Though Walker rejected the federal dollars to expand Medicaid for those just above the poverty line — and hasn't come close to his goal of moving at least 90 percent of them onto the federal exchange — he did guarantee state BadgerCare coverage for everyone below the poverty line.

Witters noted that some benefits of the Affordable Care Act — such as letting young adults stay on their parents' insurance into their 20s — will help every state improve, regardless of state actions.

Wisconsin and Minnesota now have some of the lowest uninsured rates in the nation, so they have less ground to cover.

Yet more progress should be possible when the federal exchange reopens for registrations this fall. Witters also predicted more Republican-run states will accept the Medicaid expansion as the Obama administration allows more leeway with federal rules.

Walker should be trying to get more Medicaid dollars just as governors in the GOP states of Utah, Indiana and Pennsylvania are.

Obamacare's success hinges on more than just insurance coverage. Health care reform is supposed to ease the soaring cost of medical care.

So far, the reforms have been worth it. More states, including Wisconsin, should strive to help Obamacare improve and succeed.


La Crosse Tribune, Aug. 3

Keep tech colleges under local control

There are two words often used to describe the political philosophy of many state Republicans and some Democrats as well: local control.

We expect that those words will come up many times in the fall elections, representing a belief that smaller units of local government know what is better for their constituents.

If only our state leaders would practice what they preach. Because a special committee studying the Wisconsin Technical College System has a not-so-transparent mission to get rid of local district boards and create another state bureaucracy. That's a bad idea for Wisconsin, particularly for western Wisconsin.

Here's the purpose of the Joint Council Legislative Study Committee which met recently. "The Special Committee is directed to review the current governance model of the Wisconsin Technical College System (WTCS) in the interest of transferring governance responsibilities of local district boards to the state WTCS Board and examine the current funding model for the WTCS with a preference toward reassigning current local property tax revenue to a broader state tax source."

We have long maintained that the state should come up with a fairer and more equitable means of funding education — both K-12 and technical colleges — rather than the heavy reliance on property tax. That is simply long overdue. But that can be done without changing local control.

Wisconsin's technical college system was the first in the nation when it was formed in 1911. It has always been locally governed. Local district board members are selected through a public, merit-based process. Local economic partnerships are formed. The result is a system responsive to the needs of local employers and citizens, being able to adjust classes and courses to meet local needs.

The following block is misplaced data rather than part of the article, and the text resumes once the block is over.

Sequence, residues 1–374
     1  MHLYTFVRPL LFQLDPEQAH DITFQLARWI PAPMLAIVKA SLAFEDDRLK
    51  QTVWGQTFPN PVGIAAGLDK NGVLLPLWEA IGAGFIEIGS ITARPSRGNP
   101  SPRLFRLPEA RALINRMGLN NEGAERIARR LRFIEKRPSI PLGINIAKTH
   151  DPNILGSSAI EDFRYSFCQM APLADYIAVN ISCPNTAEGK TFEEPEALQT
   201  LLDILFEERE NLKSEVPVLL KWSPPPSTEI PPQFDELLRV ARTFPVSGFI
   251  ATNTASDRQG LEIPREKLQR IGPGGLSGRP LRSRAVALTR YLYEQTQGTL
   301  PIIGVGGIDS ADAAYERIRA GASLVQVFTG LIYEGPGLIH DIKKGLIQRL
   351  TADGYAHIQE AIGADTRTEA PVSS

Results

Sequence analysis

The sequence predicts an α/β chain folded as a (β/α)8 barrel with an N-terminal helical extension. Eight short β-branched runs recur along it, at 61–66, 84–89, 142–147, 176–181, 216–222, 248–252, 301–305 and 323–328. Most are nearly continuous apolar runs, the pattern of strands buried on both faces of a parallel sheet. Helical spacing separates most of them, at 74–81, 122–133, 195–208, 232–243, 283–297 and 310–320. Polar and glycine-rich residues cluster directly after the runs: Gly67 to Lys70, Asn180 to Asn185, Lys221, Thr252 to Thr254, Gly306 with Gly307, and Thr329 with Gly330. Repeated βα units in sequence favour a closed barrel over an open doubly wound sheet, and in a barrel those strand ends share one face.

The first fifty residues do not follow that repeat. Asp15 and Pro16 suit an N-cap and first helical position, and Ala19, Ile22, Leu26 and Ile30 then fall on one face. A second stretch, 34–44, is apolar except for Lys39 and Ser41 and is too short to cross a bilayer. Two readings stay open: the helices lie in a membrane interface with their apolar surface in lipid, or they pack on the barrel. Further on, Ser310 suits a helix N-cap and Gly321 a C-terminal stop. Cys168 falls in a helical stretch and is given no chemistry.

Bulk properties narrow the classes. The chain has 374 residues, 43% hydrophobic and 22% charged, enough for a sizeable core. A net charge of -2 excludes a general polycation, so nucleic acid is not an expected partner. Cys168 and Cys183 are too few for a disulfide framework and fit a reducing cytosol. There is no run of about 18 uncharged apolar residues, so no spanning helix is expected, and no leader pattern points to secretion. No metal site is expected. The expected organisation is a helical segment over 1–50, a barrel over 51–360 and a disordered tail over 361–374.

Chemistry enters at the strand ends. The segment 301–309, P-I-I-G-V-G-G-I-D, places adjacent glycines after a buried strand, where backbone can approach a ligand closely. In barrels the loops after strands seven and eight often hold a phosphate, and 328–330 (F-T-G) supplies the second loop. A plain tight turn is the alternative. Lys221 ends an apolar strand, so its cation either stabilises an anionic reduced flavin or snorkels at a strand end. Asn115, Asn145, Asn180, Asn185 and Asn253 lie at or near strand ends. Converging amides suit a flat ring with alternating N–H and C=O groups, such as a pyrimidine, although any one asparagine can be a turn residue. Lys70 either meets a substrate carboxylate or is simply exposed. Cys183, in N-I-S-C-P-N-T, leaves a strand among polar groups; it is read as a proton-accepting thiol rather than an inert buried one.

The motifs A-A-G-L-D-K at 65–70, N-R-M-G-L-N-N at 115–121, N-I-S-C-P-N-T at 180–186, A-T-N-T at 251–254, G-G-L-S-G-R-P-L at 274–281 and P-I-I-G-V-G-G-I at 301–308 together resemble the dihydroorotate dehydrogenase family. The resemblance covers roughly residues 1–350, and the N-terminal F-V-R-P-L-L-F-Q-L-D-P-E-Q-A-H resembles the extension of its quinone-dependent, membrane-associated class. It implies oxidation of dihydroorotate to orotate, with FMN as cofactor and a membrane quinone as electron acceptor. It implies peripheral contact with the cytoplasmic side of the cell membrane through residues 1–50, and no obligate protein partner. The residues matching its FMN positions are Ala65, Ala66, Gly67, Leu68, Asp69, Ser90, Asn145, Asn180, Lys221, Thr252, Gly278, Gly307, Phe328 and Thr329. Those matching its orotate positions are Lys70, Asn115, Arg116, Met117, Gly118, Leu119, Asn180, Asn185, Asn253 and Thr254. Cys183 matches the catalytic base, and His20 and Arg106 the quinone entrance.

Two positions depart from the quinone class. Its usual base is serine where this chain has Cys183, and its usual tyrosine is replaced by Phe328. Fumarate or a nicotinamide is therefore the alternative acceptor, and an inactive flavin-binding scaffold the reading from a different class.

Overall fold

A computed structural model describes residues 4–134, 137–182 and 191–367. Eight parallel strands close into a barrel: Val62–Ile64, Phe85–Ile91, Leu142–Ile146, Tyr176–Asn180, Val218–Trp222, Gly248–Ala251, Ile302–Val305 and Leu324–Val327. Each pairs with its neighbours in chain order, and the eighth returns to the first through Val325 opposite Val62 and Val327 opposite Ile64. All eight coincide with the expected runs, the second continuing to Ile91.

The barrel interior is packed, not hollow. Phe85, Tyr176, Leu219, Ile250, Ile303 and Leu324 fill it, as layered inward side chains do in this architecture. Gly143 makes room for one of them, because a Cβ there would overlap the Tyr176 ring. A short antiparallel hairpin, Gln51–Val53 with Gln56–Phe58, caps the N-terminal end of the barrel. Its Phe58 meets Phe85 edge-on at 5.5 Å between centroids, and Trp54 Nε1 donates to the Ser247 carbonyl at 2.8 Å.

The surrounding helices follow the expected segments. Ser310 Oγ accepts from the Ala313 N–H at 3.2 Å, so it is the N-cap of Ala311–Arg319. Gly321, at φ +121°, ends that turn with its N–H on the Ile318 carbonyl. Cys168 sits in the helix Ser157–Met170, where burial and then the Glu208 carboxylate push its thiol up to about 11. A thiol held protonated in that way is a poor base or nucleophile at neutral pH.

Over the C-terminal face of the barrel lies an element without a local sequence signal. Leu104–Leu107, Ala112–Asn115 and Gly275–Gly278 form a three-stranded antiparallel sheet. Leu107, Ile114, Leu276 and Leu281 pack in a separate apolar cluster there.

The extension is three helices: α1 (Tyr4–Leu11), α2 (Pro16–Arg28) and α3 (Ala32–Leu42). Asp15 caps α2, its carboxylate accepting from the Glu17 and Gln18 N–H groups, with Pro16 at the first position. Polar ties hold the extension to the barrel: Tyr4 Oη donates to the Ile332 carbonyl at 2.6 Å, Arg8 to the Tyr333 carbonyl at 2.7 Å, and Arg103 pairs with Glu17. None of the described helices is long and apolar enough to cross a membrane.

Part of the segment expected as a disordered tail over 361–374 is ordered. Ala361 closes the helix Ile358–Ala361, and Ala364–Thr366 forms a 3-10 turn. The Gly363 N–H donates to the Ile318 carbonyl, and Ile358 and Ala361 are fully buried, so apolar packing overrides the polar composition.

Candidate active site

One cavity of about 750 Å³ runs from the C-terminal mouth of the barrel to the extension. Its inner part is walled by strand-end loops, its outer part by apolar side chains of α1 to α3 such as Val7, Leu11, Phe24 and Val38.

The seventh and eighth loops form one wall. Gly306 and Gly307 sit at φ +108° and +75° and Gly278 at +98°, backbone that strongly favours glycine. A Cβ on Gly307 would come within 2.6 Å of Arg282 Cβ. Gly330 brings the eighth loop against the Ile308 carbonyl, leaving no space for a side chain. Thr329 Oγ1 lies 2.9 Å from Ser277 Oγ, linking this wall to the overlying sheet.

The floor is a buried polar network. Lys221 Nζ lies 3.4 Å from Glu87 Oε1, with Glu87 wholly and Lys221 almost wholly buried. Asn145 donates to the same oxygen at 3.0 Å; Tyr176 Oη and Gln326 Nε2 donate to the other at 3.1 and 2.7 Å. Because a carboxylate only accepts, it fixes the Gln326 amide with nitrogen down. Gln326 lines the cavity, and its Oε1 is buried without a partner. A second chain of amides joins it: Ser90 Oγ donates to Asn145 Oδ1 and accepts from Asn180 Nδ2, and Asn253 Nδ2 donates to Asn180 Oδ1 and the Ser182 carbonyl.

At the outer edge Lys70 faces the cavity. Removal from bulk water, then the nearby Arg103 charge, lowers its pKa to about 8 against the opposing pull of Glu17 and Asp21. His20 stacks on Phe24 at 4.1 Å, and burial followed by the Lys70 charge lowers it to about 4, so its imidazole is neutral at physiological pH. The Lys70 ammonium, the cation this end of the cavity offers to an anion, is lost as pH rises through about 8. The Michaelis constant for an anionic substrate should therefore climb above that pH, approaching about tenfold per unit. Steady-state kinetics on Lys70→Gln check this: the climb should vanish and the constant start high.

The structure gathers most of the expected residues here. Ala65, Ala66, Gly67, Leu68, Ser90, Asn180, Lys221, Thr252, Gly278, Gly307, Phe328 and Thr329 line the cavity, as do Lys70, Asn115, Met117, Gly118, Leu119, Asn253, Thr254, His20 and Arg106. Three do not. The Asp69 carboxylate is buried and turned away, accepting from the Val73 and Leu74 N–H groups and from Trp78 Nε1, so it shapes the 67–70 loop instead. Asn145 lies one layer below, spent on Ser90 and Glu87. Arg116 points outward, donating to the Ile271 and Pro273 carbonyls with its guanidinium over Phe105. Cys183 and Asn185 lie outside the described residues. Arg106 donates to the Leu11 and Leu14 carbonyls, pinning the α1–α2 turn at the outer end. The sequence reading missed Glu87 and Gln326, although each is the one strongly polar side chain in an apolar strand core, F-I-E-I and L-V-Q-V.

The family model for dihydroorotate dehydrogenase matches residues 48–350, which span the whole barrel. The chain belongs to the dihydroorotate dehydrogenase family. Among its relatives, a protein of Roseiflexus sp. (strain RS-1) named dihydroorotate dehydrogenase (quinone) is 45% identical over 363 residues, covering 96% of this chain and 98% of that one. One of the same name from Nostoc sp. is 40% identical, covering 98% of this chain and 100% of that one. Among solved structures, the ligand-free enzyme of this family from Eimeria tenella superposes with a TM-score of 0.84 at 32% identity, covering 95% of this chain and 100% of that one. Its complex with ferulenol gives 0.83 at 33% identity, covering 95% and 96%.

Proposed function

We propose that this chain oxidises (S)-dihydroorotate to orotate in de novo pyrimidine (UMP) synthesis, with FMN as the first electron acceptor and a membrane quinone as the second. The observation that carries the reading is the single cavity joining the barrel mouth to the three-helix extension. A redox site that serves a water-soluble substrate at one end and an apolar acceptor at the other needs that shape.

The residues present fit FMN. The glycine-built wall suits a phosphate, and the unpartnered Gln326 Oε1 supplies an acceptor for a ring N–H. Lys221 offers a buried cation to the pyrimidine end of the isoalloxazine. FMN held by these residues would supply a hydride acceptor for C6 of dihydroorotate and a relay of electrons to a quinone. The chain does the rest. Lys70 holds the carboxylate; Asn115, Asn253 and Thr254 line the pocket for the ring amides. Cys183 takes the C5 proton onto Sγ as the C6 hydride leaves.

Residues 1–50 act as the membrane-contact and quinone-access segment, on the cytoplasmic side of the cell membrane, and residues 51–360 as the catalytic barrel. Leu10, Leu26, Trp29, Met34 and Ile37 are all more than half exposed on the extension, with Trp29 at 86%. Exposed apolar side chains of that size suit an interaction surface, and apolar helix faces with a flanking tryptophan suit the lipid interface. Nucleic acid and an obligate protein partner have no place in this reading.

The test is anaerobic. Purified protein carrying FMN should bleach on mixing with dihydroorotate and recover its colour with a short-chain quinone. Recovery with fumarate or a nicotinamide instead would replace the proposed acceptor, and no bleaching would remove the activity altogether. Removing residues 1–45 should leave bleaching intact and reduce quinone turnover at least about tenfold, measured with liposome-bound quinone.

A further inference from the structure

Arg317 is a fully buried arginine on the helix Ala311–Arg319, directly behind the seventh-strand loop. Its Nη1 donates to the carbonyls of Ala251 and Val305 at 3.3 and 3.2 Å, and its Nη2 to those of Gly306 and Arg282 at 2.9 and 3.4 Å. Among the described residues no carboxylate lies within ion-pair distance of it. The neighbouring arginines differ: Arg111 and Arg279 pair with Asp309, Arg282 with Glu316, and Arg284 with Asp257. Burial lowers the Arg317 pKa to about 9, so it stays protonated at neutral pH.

The system works in the 11-county Western Technical College district. More than 93 percent of Western graduates are employed within six months of graduation. More than 80 percent stay working in Wisconsin. They earn an average of $15.77 per hour when they find a job related to their studies and earn 58 percent more than their starting salaries after just five years. Some 1,200 alums of Western have started their own business.

If people in our region were unhappy about the local control they certainly would not have approved an $80 million referendum in 2012. If there are other systems not working in the state, fix them at the local level. There's no need to apply a big government solution to fixing something that isn't broken.

Yes, there should be a concern about local property tax increases that have gone up steadily in the past 15 years — Western's tax levy has gone from about $19 million to about $40 million from 1999 to 2014. At the same time, state aid dropped from $11.8 million to just under $5 million, including a $2 million cut implemented by Republicans in 2011 that was part of Gov. Scott Walker's budget. Technical colleges had little choice but to ask taxpayers to fund more when the state was cutting a big chunk of their revenue.

This year the state took a large step in the takeover process when the Legislature voted to replace $406 million in local property tax college funding with state funding. While that represents a property tax break — Western's share of the average property tax bill will decrease by $89 per $100,000 of property value — the state will have to find the funds to replace $15 million in property taxes for Western.

We have major concerns that technical college districts will lose flexibility and the ability to respond to local needs if the state takes over control. That will certainly not help train employees and prepare more people for the workforce, which should still be the primary mission of the technical colleges.

Can Wisconsin find a better way of paying for technical colleges? Absolutely — start by having the courage to reform the overall taxing structure of the state. There's no need to wreck a system that's worked well for more than 100 years to accomplish that.